Thanks to Jay Bowen, we have begun to map just such a movement. The process raises new questions to address, though. Right now, the map clusters nearby items into an area. How can we be sure books connect without collapsing into those points? Can we show what kind of book is present, especially as we start entering new books of philosophy, hymns, and history? Does adding these lines make the already dense map harder or impossible to read?
So far, we have decided to proceed with two maps; one will show the movement of books with lines and points of connection, and one will mark all known places. The next steps on the ladder are the addition of new data to continue adding data to the story of these maps, and working through how to best tell a story that spans centuries. Making the story of these books readable is an important step. Through this, the pull of new avenues or interests is a continual challenge.
Like the demons of the icon, ideas like “What if we started over but made a database first this time,” or “But why not spend all day just entering data,” remain a recurring voice. Maintaining balance and focus on that ladder is a difficult undertaking, but with the encouragement of better angels like project supervisors and peers, I haven’t fallen off yet.
Progress not perfection.” These three simple words of reassurance have been the mission statement of our cohort through the summer fellowship, and have become somewhat of a restorative, compulsory chant for me. Through the summer fellowship, I’ve used these words to settle feelings of fear, doubt, and insecurity—to generate new momentum after having been slowed by the challenges of learning.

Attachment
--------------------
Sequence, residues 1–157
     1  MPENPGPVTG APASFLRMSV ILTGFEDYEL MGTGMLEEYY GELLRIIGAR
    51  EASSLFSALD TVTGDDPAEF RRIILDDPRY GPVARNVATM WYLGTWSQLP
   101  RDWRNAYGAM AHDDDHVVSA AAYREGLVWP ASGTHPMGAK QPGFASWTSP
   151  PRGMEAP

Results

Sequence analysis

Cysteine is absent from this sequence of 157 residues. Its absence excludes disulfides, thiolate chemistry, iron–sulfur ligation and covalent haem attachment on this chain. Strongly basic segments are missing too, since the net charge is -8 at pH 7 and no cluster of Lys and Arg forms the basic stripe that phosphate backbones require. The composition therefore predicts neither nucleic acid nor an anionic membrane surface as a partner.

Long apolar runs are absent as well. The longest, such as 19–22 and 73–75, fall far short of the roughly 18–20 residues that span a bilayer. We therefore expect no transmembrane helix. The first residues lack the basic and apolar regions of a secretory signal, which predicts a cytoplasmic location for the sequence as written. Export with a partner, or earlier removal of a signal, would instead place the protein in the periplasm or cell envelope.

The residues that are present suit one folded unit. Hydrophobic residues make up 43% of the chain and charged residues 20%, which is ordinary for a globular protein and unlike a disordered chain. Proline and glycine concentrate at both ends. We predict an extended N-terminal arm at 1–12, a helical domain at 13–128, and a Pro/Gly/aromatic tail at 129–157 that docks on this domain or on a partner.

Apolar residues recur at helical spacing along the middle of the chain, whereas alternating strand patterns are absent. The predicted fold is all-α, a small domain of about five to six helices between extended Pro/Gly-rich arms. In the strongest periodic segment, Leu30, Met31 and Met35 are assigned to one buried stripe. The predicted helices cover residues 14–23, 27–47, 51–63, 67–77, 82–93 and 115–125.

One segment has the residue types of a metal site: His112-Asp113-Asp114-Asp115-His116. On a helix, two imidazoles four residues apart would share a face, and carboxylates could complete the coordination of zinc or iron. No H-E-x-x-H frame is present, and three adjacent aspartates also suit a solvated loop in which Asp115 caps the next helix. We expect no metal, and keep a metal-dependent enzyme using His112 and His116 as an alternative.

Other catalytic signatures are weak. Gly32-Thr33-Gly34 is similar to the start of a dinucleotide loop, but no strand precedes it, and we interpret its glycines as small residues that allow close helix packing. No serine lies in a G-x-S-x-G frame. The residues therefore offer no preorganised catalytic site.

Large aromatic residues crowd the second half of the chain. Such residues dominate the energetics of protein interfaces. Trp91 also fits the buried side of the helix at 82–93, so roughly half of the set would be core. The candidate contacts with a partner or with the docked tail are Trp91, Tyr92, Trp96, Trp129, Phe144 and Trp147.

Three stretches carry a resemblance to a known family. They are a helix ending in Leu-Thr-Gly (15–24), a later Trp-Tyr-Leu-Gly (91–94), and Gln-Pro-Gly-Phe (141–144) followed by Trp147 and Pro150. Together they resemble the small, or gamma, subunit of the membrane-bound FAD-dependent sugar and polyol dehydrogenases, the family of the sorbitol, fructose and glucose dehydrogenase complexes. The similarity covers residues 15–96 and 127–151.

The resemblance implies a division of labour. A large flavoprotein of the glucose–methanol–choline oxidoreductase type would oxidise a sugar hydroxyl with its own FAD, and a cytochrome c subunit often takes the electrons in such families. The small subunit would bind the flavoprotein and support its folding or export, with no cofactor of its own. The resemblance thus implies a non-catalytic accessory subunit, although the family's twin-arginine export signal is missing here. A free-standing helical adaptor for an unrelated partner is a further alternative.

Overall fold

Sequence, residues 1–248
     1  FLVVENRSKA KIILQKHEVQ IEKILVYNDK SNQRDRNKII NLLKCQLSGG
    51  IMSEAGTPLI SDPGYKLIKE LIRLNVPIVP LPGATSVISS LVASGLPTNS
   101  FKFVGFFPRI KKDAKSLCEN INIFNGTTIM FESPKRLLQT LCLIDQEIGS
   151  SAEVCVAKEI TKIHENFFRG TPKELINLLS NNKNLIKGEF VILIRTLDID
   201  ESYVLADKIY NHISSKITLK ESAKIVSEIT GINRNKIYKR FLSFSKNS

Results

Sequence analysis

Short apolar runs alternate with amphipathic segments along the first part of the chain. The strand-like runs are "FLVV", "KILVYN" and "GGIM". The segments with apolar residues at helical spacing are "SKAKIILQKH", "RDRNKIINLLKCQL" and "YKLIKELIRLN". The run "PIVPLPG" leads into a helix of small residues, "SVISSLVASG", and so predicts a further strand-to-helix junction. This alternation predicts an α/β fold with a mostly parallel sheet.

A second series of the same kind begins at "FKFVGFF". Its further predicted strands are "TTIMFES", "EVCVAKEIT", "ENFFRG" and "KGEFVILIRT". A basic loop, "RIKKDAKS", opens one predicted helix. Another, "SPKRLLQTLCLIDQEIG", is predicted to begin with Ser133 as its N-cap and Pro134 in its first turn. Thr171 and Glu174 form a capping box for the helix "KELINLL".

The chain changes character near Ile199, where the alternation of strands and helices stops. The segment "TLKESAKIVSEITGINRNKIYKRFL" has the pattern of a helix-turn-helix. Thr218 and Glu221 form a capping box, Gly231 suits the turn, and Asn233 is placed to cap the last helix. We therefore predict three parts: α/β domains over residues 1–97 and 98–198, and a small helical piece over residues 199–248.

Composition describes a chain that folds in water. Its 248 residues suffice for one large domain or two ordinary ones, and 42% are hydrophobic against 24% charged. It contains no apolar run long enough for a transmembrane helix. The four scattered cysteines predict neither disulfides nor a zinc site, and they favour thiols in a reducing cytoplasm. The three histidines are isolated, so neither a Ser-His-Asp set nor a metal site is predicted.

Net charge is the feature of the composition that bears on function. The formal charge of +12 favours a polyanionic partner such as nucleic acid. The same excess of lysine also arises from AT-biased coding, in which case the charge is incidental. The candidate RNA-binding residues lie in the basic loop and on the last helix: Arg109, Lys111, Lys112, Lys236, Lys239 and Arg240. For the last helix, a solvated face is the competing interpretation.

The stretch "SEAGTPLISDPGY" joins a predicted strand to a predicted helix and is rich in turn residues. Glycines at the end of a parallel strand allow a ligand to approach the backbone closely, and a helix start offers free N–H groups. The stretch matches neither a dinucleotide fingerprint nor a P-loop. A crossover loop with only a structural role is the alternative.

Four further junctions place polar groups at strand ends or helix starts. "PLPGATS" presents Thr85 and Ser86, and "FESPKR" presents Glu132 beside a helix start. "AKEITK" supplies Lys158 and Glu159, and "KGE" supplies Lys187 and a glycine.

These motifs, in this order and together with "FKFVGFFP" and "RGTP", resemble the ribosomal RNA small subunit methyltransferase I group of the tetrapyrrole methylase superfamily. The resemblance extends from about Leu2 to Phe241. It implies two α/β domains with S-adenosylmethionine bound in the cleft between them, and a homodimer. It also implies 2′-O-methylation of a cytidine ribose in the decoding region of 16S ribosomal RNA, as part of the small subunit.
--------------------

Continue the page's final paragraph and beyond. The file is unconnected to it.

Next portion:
And, that’s just what the DH Summer Fellowship has been for me, of course, challenges of learning—progress not perfection. What did I expect? The fellowship is not a talent show; it’s not a demonstration of knowing. The fellowship is a several weeklong class of your own design. And, like any class, you are—I was—provided mentors, facilities, and tools to help you learn—not know.
I began the fellowship with an overly ambitious plan to complete three videos exhibiting three different artists’ books from the University of Iowa Special Collections. Sounds simple enough, right? Well, fast-forwarding, I’ve finished the fellowship with several gigabytes of photographs and a single partial video of one artists’ book from my own collection—progress not perfection.